Schwyhart’s Motion Denied; Ordered to Return Fixtures

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A judge on Oct. 12 denied Bill Schwyhart’s bid to void the auction sale of 10 buildings he once managed at Pinnacle Point and ordered him to return TVs, appliances and other items he took while vacating the offices.

The judge also rendered judgment against Pinnacle Point Properties LLC for more than $168,000 in rent the company collected during foreclosure proceedings but did not pay to Metropolitan National Bank of Little Rock, the primary lender on the properties.

The orders came from Benton County Circuit Judge Doug Schrantz, who listened for more than five hours to sometimes conflicting testimony from witnesses and arguments among Schwyhart’s lawyers, lawyers representing Metropolitan National Bank and a lawyer representing DeWitt Smith, Pinnacle Point’s court-appointed receiver.

Johnelle Hunt and Tim Graham, principals of Hunt Ventures LLC, which purchased the 10 Pinnacle Point buildings at auction on Sept. 28, were present.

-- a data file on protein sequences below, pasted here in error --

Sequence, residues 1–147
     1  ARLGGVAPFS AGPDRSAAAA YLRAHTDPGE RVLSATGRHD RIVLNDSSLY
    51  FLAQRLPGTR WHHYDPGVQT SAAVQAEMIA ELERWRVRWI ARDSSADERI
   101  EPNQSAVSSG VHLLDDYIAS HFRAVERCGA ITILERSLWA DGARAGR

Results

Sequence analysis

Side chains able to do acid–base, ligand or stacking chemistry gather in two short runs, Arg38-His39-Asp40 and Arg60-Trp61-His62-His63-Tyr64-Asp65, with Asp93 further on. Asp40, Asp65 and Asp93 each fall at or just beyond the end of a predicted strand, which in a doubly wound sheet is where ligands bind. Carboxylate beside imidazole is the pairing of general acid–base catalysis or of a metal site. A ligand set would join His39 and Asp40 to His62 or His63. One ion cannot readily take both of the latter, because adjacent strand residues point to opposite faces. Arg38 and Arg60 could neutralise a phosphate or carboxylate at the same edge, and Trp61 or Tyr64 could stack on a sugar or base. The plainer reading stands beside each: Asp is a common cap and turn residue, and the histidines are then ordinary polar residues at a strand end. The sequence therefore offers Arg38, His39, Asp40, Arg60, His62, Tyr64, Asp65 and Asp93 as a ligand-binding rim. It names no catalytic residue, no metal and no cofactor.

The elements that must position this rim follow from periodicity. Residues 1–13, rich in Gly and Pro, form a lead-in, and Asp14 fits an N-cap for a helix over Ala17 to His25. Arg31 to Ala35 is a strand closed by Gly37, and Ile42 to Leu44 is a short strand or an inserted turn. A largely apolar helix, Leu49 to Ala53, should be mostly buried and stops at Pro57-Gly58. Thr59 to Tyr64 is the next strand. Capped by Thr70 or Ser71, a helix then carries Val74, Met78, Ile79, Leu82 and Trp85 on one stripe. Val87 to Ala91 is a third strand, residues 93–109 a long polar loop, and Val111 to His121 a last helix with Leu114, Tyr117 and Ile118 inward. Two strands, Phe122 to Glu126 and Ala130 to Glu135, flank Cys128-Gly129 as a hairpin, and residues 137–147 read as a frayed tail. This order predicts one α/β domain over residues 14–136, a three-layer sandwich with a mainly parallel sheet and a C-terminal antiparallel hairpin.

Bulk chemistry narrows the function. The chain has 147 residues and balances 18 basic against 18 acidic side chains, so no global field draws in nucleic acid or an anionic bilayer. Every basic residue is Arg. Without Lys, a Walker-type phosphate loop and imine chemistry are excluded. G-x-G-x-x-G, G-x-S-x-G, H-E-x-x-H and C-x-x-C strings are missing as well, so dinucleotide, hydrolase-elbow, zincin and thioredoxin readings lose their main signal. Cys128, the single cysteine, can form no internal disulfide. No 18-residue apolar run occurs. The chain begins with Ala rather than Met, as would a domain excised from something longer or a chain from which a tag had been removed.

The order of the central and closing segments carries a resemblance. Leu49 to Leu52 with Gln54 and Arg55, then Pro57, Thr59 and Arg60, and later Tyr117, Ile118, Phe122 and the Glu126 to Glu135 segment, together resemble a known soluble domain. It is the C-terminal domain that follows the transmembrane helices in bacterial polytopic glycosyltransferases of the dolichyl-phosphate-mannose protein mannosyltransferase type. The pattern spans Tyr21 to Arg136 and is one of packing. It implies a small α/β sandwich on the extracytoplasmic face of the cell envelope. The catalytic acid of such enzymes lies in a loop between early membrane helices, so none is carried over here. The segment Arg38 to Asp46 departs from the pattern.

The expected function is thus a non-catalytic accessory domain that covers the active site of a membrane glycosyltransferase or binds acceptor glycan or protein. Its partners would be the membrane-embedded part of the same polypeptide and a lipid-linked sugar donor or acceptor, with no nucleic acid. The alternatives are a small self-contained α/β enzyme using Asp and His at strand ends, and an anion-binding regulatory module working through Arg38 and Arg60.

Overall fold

After Schrantz’s ruling was read, Schwyhart was overheard asking his legal team how to appeal. He later declined to talk with media, saying he wanted to digest the day’s events first.

Schwyhart’s lawyer, Hall-Estill partner Robert Rhoads, opposed the auction sale of 10 buildings, which Metropolitan foreclosed on in September. The team argued that the sale price of $24.1 million was too low.

Bill Watkins, a Rogers lawyer representing the receiver, argued that fixtures taken by Schwyhart when he left the building at 5413 Pinnacle Point Drive were part of the mortgage agreement and therefore should have been left.

In the end, Schrantz agreed and gave Schwyhart 72 hours to return property that had been taken from the office.

There’s been a lot of “dancing on the head of the pin about piercing the corporate veil,” Schrantz said.

“I’ve heard on one hand when we want to pick up some money, we create invoices and when we want to take property, conveniently there are no invoices,” Schrantz said.

Schrantz pointed out the argument earlier in the day that “$30 million could be raised for purchase,[of the Pinnacle Point properties], but he can’t pay his own electric bill.”